If you own a home, you have homeowners insurance. What you may not know is that, like your home, your insurance policy needs maintenance and updating. Failing to update your homeowners insurance policy could cost you big bucks in the long run.
But how do you know when it's time to update your insurance policy? Generally speaking, significant upgrades to your home or changes in your life mean it's time to do an audit of your insurance coverage. Here are some situations where taking another look at your insurance policy is necessary:
1. You want to remodel your home.
Think remodeling your 5-by-8-foot powder room is no big deal? Think again. Even a small renovation like this can have a big impact on your homeowners insurance. Consider this: If your contractor and subcontractors don't have worker's compensation policies, they could sue you if they're hurt on your property. That means you could end up footing the bill for medical expenses, any necessary rehabilitation and wages lost while out of work.
Be sure to verify the insurance coverage of any and all contractors working in your home. The folks at Travelers Insurance say you should contact your insurance company if you find your contractors' coverage is insufficient. Ask them about extending the limits of the liability portion of your homeowners' insurance policy to cover you if someone is hurt on the job.
Homeowners insurance liability limits generally start at about $100,000, but some experts recommend that you purchase at least $300,000 worth of protection. If you want even more, consider purchasing an umbrella insurance policy, which provides broader coverage and higher liability limits. In many cases, you'll save money on the coverage by purchasing an umbrella policy, "regular" policy and auto or life insurance from the same agency.
If you're putting on an addition or making significant upgrades to your home, be sure to contact your provider before beginning the project. If that new addition burns to the ground before you've increased your coverage, you could be on the hook for the cost of rebuilding it.
2. You've gotten married – or divorced.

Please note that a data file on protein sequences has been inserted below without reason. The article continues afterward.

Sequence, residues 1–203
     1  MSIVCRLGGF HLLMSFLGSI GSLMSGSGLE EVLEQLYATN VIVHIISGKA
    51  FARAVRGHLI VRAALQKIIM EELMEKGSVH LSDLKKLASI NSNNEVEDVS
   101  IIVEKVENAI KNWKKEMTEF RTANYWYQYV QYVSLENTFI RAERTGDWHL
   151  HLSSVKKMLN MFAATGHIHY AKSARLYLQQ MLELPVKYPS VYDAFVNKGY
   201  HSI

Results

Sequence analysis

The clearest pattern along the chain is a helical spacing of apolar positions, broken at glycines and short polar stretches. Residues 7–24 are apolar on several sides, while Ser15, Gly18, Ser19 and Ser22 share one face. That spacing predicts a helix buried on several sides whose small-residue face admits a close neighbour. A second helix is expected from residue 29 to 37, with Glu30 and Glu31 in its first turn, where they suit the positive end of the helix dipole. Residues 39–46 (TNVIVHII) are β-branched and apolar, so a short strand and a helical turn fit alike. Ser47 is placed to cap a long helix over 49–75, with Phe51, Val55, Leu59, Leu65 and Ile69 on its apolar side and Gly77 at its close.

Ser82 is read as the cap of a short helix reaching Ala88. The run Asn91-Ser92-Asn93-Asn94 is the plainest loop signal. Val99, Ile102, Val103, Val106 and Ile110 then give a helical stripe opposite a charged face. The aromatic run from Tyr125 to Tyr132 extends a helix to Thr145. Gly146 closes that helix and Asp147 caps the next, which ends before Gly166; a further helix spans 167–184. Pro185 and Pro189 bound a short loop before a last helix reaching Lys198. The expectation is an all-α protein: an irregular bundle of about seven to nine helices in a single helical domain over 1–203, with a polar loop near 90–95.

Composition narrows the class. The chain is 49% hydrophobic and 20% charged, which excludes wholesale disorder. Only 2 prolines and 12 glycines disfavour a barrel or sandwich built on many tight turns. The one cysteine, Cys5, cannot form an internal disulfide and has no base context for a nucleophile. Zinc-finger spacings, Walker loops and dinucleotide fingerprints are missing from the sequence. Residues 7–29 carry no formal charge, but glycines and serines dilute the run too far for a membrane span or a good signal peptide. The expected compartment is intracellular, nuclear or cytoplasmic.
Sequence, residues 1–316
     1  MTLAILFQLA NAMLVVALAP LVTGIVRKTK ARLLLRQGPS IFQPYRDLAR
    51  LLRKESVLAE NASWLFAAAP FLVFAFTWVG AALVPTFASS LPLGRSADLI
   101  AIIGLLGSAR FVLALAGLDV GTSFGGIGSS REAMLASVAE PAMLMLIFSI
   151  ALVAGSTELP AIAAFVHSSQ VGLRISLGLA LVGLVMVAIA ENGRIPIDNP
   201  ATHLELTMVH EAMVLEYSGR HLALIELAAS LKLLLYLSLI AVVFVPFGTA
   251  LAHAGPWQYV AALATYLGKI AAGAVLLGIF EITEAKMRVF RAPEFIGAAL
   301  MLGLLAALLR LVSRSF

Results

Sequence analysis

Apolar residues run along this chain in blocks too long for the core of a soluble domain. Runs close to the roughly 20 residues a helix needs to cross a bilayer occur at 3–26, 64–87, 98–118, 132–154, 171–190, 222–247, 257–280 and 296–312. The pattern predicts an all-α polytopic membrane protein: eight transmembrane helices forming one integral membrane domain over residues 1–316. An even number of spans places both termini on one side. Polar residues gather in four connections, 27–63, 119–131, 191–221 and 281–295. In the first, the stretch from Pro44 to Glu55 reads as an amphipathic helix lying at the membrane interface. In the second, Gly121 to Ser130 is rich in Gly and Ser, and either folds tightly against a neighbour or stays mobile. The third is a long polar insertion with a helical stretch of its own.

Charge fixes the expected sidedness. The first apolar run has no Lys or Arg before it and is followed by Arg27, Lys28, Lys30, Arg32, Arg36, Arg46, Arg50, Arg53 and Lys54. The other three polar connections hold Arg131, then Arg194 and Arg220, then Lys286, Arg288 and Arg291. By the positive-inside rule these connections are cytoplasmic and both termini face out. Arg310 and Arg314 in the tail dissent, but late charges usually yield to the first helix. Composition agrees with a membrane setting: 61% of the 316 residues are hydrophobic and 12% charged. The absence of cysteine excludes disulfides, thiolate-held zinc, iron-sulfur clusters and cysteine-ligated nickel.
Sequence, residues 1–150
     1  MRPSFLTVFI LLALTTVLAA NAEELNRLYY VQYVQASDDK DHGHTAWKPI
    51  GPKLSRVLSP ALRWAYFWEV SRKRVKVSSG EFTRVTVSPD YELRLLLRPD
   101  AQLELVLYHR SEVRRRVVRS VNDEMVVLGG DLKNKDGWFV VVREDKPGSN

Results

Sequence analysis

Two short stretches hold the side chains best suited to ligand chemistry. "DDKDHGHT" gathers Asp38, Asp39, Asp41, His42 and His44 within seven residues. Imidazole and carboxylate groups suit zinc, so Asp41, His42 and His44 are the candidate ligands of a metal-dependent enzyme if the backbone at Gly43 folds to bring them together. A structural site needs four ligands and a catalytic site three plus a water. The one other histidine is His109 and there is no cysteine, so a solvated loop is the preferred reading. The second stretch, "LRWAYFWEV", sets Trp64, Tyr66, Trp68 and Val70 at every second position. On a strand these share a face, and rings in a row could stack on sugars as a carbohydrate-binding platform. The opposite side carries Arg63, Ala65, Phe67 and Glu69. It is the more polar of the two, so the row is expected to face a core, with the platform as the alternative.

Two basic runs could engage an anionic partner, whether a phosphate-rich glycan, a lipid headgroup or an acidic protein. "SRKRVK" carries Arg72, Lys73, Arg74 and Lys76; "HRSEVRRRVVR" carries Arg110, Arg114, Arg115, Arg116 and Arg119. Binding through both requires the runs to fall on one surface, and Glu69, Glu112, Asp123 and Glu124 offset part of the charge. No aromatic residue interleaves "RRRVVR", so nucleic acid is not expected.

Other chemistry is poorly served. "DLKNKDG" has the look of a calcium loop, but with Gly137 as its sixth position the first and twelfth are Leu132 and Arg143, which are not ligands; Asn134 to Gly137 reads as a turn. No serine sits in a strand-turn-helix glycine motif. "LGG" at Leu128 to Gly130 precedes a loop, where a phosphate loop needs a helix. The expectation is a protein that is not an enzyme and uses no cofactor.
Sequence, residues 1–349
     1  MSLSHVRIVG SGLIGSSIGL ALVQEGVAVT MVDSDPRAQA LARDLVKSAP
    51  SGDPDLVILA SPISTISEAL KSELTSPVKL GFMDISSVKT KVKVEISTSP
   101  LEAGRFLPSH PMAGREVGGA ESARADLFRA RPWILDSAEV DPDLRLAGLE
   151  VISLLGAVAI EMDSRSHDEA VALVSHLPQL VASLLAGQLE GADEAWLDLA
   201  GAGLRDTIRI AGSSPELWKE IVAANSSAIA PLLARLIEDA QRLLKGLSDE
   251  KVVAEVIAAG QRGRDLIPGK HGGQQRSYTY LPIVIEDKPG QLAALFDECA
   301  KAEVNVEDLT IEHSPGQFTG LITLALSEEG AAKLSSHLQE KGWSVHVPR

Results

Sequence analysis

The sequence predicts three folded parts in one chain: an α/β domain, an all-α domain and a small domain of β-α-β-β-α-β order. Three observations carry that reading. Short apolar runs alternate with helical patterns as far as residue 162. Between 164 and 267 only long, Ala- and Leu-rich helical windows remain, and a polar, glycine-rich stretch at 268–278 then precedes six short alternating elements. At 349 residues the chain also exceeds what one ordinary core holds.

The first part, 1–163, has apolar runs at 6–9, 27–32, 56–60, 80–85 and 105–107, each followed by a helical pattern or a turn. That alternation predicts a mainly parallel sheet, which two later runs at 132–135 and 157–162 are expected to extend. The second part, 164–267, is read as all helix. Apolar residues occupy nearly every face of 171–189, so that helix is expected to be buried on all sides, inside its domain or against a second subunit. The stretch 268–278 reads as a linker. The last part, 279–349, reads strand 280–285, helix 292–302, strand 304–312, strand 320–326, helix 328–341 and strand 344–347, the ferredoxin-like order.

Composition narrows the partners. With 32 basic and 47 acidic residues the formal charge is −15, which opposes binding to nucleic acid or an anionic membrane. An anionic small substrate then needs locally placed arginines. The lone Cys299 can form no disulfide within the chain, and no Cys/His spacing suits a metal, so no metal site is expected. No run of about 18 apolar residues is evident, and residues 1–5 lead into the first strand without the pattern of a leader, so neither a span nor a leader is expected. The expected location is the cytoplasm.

According to the Insurance Information Institute, these are two big life changes that warrant changes in homeowners insurance – albeit for different reasons.
If you're getting married, you'll be combining two households' worth of stuff, including potentially valuable personal belongings. You may also get some pretty expensive wedding gifts, which could necessitate more coverage. Take a detailed home inventory of your belongings, and discuss it with your agent. This inventory will give you an idea of how much coverage you will need as you embark on your new life together. (One thing to consider: The single policy will probably be less expensive than paying for homeowners insurance for two separate homes.)
This inventory is also helpful in the event of a divorce, since you can revisit it to determine the appropriate division of property. If your marriage ends, be sure to contact your provider for help unwinding auto, homeowners and life insurance policies.
A standard homeowners insurance policy includes coverage for your personal belongings, both on and off the premises (unless you've decided against off-premises coverage). Most companies provide coverage for 50 to 70 percent of the amount of insurance you have on the structure of your home, the Insurance Information Institute says. That means that if you have $100,000 worth of insurance on the structure of your home, you have $50,000 to $70,000 worth of coverage for your belongings.
An inventory of your belongings will help you decide if this coverage is enough. Keep in mind that expensive items, like jewelry or high-end heirlooms, might be covered only up to a certain amount. Once you've taken an inventory of your belongings, contact your insurance provider to decide whether or not you need additional personal property coverage based on the cost of your belongings.
3. There's a new (furry) addition to the family.
Bringing a new puppy home is exciting, but Fido could be a financial threat if you're not adequately covered. According to Insurance Information Institute data, dog bites accounted for more than a third of all homeowners liability claim dollars in 2011 – the latest data available – for a total of $479 million.
Typically, homeowners insurance policies cover dog-bite liability as part of the standard coverage. But if your limit is $100,000 and the claim costs you $300,000, you're responsible for that $200,000 – whether it's legal fees or damages.
Since the personal liability coverage available through a standard homeowners policy isn't always enough, the institute advises dog owners to consider purchasing a personal excess liability policy, otherwise known as a personal umbrella policy – or PUP. This policy, which, according to Allstate, can cost as little as $1 per day based on the state you live in, kicks in when your regular insurance hits its coverage ceiling.
If you're bringing home a dog, it's worth it to discuss getting a PUP, too – it could save you thousands of dollars if Fido bites one of the neighbors.
These aren't all the scenarios which should prompt an insurance audit. As a general rule, it's worth looking over your policy once a year – even if you haven't gone through any huge life changes. When in doubt, contact your provider to discuss your coverage options.